United States District Court, W.D. Kentucky, Louisville Division
YALE L. BALCAR et al. PLAINTIFFS
ARAMARK et al. DEFENDANTS
MEMORANDUM OPINION AND ORDER
N. Stivers, Judge
Yale L. Balcar and Carl J. Perry, Jr., filed the instant
pro se civil-rights action pursuant to 42 U.S.C.
§ 1983. By Order entered February 28, 2018, the Court
dismissed Plaintiff Balcar from this action pursuant to
Federal Rule of Civil Procedure 41(b) for failure to comply
with an order of the Court and for failure to prosecute (DN
13). Plaintiff Balcar having been dismissed, this matter is
before the Court on initial review of only Plaintiff
Perry's claims in the complaint pursuant to 28 U.S.C.
§ 1915A. For the reasons that follow, the Court will
allow some claims to proceed and dismiss the others.
Perry is a convicted prisoner incarcerated in the Kentucky
State Reformatory (KSR). As Defendants, he names Aramark, the
food service provider at KSR, and Mr. Jerge, Aramark
Supervisor at KSR, who is sued in both his individual and
complaint alleges that there is “No sanitation in
kitchen, no proper trash procedures, there is roach or rat
infestations around the cook arear and storage rooms and very
little Hair net”; that food servers “play in food
while serving the food” and “Guard reach in and
grab food out of the food container”; that “Air
Quality and Temperature in dinning Hall posed a serious
danger to Plaintiffs health”; that there is
overcrowding in the dining hall; that “Food handlers .
. . [are not] certified by State Health Department”;
and that there are “Other Conditions in Dinning Hall,
fire safety. . . . unsafe work requirements, as well as other
inadequate or inhumane conditions” (citations omitted).
In addition, according to the complaint, “Aramark food
is not nutritionally adequate. No well-balanced meals, no
nutritional value to preserve health”; there “is
health hazards in the food because it said for animal Food
Only”; there “is serious Food-borne
illness”; “Foods in the cooler and freezer are
out date yet they feed it to all prisoner”; and there
“is maggot in our food daily and this is a serious
borne illness and a health hazard to Plaintiffs.”
complaint further alleges that Plaintiff Perry “is a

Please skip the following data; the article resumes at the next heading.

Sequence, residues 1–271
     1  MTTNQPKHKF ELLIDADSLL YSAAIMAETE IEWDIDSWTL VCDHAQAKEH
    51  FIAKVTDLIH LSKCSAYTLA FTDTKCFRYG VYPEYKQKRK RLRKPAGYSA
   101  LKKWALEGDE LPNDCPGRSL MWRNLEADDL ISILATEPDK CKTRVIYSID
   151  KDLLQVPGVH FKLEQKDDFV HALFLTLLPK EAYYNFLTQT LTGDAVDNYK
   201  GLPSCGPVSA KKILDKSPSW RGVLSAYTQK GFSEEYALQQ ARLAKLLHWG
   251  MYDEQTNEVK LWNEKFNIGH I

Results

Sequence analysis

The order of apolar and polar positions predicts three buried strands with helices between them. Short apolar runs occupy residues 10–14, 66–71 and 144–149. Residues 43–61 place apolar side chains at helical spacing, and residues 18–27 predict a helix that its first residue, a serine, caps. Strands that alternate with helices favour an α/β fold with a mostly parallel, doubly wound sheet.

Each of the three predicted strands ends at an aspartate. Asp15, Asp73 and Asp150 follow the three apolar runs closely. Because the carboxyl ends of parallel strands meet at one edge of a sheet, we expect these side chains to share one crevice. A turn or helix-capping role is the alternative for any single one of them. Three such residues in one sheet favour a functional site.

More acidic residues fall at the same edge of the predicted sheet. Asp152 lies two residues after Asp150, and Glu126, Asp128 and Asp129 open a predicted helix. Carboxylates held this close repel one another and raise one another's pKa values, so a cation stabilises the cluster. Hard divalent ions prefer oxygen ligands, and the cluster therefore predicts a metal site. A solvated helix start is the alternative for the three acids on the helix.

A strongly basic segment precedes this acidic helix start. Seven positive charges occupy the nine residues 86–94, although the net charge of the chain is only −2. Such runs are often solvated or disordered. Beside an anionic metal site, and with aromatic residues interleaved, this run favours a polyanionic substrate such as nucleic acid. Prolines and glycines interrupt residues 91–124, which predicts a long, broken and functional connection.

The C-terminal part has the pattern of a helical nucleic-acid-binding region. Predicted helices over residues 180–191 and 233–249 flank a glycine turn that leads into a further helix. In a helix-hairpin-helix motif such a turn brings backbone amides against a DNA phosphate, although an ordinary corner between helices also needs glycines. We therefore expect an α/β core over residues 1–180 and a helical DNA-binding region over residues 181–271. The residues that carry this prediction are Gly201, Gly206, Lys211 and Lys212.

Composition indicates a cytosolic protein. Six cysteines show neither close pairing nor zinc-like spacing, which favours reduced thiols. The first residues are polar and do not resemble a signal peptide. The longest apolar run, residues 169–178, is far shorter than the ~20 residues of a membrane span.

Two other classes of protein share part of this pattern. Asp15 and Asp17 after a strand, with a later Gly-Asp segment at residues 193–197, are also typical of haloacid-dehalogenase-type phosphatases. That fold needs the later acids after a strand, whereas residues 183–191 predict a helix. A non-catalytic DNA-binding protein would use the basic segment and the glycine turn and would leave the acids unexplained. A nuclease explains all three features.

diabetic and is order for medical diet for a diabetic and
Aramark is refusing to do a diabetic Diet for all the
diabetic prisoners.” “Aramark is simply ignore
Perry, Jr, dietary diabetes diet. Perry Jr. is prescribed
insulin and need to eat quickly and is being put on hold for
30 min or more by Aramark.”
the complaint alleges that Plaintiff Perry is in a wheelchair
with a disability and that there is “no accommodation
for the physical disabilites in the Dinning Hall. No Handicap
table, No Restroom at all, and no Handicap Serving
relief, Plaintiff Perry seeks compensatory and punitive
damages and declaratory and injunctive relief. As injunctive
relief, Plaintiff Perry seeks an order directing Aramark to
provide him with a medical diet for his diabetes and
“to cease their Retaliation and their threats toward
Plaintiff Perry is a prisoner seeking relief against
governmental entities, officers, and/or employees, this Court
must review the instant action under 28 U.S.C. § 1915A.
Under § 1915A, the trial court must review the complaint
and dismiss the complaint, or any portion of the complaint,
if the court determines that it is frivolous or malicious,
fails to state a claim upon which relief may be granted, or
seeks monetary relief from a defendant who is immune from
such relief. See § 1915A(b)(1), (2); McGore
v. Wrigglesworth, 114 F.3d 601, 604 (6th Cir. 1997),
overruled on other grounds by Jones v. Bock, 549
U.S. 199 (2007).
is legally frivolous when it lacks an arguable basis either
in law or in fact. Neitzke v. Williams, 490 U.S.
319, 325 (1989). The trial court may, therefore, dismiss a
claim as frivolous where it is based on an indisputably
meritless legal theory or where the factual contentions are
clearly baseless. Id. at 327.
order to survive dismissal for failure to state a claim,
“a complaint must contain sufficient factual matter,
accepted as true, to ‘state a claim to relief that is
plausible on its face.'” Ashcroft v.
Iqbal, 556 U.S. 662, 678 (2009) (quoting Bell Atl.
Corp. v. Twombly, 550 U.S. 544, 570 (2007)). “A
claim has facial plausibility when the plaintiff pleads
factual content that allows the court to draw the reasonable
inference that the defendant is liable for the misconduct
alleged.” Id. (citing Twombly, 550
U.S. at 556). “[A] district court must (1) view the
complaint in the light most favorable to the plaintiff and
(2) take all well-pleaded factual allegations as true.”
Tackett v. M & G Polymers, USA, LLC, 561 F.3d
478, 488 (6th Cir. 2009) (citing Gunasekera v.
Irwin, 551 F.3d 461, 466 (6th Cir. 2009) (citations
omitted)). “A pleading that offers ‘labels and
conclusions' or ‘a formulaic recitation of the
elements of a cause of action will not do.' Nor does a
complaint suffice if it tenders ‘naked
assertion[s]' devoid of ‘further factual
enhancement.'” Iqbal, 556 U.S. at 678
(quoting Twombly, 550 U.S. at 555, 557).
Claims Regarding Food Service/Quality and Denial of Diabetic
complaint alleges unsanitary conditions of the food service
area, the serving of expired foods to prisoners,
nutritionally inadequate food, maggots in food on a daily
basis, and denial of a diabetic diet. Upon consideration, the
Court will allow these Eighth Amendment ...